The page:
Talk:Root-mean-square deviation

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"Regression ratio"/"learning ratio"? When measuring the performance of a predictive model (e.g. regression) you can divide the RMSD by the standard deviation of the target data. When greater than or equal to one you have no learning better than the simple guessing of the mean of the data. When less than one, the prediction is more informative than just the mean. My question is: what is this measure commonly called? Uncoolbob 21:05, 15 January 2007 (UTC)

Update: colleagues are suggesting "Normalized RMSE" (or "Normalised RMSD"). Is this in wide enough use to add to the article? Uncoolbob 16:15, 16 January 2007 (UTC)

It is certainly wide enough in my field (Bioinformatics) to be useful and pertinent. The is a lot more to the story of "RMSD" than we have in this article. It could also use a lot more math theory. I also have a programme I wrote in C for calculating RMSD (it is impressively fast) and will upload the code to this site soon.--Thorwald 01:52, 17 January 2007 (UTC)

How does one interpret the RMSE value? If some results from my research yield a RMSE of, say 0.01 when comparing to an idealised estimator, what does that tell me? How can one tell if the RMSE is high or low? I think this information would be useful in this article. --Utsutsu (talk) 01:29, 3 February 2010 (UTC)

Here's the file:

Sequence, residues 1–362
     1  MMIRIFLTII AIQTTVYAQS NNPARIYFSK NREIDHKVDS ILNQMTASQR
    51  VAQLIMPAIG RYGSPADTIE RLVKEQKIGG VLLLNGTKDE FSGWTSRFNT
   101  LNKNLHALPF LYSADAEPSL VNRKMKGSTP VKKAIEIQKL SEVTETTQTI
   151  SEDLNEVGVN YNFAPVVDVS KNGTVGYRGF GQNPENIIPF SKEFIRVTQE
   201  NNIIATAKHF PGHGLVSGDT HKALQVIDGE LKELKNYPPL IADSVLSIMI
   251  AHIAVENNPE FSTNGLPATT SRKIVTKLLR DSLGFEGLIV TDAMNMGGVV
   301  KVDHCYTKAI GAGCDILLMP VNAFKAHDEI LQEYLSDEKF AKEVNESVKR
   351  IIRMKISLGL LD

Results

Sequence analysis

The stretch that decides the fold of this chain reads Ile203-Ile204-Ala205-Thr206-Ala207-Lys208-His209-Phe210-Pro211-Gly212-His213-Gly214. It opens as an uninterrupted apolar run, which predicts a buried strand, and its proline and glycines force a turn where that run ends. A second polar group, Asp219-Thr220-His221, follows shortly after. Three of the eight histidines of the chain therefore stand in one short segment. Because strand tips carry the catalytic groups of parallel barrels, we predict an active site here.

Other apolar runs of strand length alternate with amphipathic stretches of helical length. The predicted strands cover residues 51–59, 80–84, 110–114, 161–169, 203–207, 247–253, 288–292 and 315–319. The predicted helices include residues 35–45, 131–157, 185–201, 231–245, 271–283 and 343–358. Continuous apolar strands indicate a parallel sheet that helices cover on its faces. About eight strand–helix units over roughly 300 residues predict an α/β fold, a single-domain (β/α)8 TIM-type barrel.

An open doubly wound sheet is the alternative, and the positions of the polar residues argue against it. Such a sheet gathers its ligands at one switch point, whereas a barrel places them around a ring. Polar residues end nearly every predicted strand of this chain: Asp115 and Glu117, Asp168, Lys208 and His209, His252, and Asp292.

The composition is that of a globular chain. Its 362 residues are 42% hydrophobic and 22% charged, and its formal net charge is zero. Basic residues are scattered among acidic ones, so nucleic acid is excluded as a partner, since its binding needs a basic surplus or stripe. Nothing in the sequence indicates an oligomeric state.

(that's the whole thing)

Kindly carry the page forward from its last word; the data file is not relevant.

What are the xmin and xmax to be used for the normalized RMSE computation? Should it be the range of the first variable, the second or both? -- Danielgenin (talk) 17:22, 28 December 2010 (UTC)

This is not a good article. The words are unnecessarily wordy - oblong for example. There is also unnecessary complexity such as the use of vectors to help explain the concept. The article should be simplified. — Preceding unsigned comment added by (talk) 05:10, 6 September 2012 (UTC)

Dr. Giles's comment on this article[edit]

Dr. Giles has reviewed this Wikipedia page, and provided us with the following comments to improve its quality:

"For an unbiased estimator, the RMSD is the square root of the variance, known as the standard error."

Comment: 'standard error' should be replaced by 'standard deviation'. The term 'standard error' is universally used to refer to an estimated standard deviation, not the standard deviation itself.

We hope Wikipedians on this talk page can take advantage of these comments and improve the quality of the article accordingly.

Dr. Giles has published scholarly research which seems to be relevant to this Wikipedia article:

  • Reference : David E. Giles, 2012. "A Note on Improved Estimation for the Topp-Leone Distribution," Econometrics Working Papers 1203, Department of Economics, University of Victoria.

ExpertIdeasBot (talk) 16:59, 19 May 2016 (UTC)

 Done +mt 21:05, 19 May 2016 (UTC)